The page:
I recently finished a project where I conducted user testing to validate the effectiveness of a navigation menu. The project was a collaboration with the client’s project team who were responsible for the prototype and the recruitment. Everyone was confident going in to the user testing on the IA scheme but were open to changes. This may seem a mute point—why do testing if you are not going to change anything? Strangely I have seen people be highly selective of what they wanted to have proven in testing. Luckily this project featured no such hubris and everyone was respectful of the problems encountered by the users.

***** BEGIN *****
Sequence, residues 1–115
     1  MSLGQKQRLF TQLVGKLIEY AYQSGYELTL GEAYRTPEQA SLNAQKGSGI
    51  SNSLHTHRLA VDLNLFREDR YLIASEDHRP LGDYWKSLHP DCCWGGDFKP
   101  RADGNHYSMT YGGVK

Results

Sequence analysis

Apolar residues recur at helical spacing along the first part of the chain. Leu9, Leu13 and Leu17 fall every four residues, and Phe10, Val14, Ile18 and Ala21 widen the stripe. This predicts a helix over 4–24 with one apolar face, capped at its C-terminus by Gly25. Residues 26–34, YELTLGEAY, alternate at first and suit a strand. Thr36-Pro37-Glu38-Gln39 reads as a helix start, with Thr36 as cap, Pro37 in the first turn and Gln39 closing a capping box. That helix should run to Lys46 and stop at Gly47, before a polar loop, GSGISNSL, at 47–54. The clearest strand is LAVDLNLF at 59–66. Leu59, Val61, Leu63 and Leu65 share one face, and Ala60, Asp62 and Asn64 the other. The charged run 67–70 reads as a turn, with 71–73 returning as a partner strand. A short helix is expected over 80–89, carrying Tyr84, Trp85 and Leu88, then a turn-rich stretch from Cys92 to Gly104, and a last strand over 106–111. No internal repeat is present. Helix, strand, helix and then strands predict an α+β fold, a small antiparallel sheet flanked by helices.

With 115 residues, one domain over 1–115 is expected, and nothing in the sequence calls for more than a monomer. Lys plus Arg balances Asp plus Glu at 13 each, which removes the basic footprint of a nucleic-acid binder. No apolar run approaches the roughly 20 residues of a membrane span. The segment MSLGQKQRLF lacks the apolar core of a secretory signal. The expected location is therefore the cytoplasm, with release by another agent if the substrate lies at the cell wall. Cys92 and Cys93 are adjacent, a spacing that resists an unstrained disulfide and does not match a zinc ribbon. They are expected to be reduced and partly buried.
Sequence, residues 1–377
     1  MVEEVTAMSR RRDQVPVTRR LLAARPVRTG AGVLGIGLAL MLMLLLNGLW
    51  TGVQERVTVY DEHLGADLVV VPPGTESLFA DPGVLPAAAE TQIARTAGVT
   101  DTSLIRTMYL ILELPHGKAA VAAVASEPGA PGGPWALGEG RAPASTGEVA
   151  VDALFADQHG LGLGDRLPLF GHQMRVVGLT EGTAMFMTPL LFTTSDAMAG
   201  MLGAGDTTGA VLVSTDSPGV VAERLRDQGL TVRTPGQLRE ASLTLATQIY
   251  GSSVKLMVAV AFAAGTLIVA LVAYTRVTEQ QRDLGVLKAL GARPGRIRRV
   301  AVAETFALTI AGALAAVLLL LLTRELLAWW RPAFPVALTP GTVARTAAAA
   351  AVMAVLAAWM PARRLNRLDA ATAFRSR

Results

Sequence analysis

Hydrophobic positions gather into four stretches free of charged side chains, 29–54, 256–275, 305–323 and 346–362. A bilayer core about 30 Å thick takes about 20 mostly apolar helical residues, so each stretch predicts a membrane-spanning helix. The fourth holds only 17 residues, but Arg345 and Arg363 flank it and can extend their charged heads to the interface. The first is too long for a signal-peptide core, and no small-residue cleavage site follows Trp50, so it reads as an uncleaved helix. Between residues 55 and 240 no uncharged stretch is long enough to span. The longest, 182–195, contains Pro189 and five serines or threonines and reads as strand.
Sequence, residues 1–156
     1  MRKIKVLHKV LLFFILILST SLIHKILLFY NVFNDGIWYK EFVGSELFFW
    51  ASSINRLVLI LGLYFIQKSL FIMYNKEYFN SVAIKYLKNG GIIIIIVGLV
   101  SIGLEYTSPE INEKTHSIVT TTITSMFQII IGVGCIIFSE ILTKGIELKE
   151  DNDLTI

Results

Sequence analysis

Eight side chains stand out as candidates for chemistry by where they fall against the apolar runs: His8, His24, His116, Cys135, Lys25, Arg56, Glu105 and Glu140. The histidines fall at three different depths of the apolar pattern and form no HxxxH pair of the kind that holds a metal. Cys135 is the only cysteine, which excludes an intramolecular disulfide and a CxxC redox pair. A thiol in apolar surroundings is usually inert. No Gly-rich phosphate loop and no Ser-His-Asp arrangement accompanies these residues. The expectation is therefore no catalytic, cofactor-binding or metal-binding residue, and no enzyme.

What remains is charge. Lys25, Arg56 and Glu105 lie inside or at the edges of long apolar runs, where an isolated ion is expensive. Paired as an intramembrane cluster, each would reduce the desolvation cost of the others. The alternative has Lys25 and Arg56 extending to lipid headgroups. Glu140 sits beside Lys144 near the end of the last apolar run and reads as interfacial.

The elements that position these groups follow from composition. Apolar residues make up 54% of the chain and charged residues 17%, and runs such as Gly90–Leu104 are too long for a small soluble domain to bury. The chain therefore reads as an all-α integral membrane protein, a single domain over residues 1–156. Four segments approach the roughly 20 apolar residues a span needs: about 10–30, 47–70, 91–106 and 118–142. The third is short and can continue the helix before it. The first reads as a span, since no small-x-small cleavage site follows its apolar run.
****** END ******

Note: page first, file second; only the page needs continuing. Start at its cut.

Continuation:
What are diary studies?
Diary studies, otherwise known as User Research Diaries or “Cultural probes” were pioneered for use in design research by William “Bill” Gaver, Professor at Goldsmiths London. Interestingly he doesn’t analyse diary content, nor does he create scenarios or personas from them instead using them as a base from which to validate other data. He does not create personas, preferring instead to revisit the raw data.
It was a quality panel at the 10th Digital Citizens event moderated by the talented James Fridley @fridley: